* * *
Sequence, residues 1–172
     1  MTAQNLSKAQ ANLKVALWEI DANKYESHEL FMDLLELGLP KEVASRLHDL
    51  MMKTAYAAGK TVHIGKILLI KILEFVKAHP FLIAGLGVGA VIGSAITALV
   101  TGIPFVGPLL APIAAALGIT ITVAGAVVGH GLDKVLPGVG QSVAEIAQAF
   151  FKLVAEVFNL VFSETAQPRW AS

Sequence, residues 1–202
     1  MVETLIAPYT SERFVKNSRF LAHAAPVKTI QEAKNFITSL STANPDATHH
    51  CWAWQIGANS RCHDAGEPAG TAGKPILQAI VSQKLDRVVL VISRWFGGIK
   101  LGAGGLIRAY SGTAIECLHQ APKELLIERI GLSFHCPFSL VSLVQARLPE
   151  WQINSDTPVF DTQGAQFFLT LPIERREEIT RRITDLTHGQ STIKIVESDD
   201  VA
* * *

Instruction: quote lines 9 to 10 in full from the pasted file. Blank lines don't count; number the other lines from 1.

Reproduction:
   101  LGAGGLIRAY SGTAIECLHQ APKELLIERI GLSFHCPFSL VSLVQARLPE
   151  WQINSDTPVF DTQGAQFFLT LPIERREEIT RRITDLTHGQ STIKIVESDD